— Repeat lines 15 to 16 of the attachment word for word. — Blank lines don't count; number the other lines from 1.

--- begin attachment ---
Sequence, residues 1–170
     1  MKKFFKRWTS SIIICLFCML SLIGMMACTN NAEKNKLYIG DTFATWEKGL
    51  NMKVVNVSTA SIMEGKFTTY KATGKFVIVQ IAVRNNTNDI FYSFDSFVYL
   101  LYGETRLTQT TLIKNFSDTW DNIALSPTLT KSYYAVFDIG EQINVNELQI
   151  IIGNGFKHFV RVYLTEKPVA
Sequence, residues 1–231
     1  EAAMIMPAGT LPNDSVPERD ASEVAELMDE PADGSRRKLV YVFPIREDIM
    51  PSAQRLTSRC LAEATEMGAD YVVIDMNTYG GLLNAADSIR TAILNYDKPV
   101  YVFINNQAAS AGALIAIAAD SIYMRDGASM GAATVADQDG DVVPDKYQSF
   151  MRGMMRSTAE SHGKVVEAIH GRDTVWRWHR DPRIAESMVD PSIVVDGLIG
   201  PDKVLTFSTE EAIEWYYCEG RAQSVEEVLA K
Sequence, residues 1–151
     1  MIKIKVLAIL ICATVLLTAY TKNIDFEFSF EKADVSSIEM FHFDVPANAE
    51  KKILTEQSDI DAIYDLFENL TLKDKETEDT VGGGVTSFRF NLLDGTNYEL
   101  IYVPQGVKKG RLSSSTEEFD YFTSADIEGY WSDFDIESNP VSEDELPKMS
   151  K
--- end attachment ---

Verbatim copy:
   101  IYVPQGVKKG RLSSSTEEFD YFTSADIEGY WSDFDIESNP VSEDELPKMS
   151  K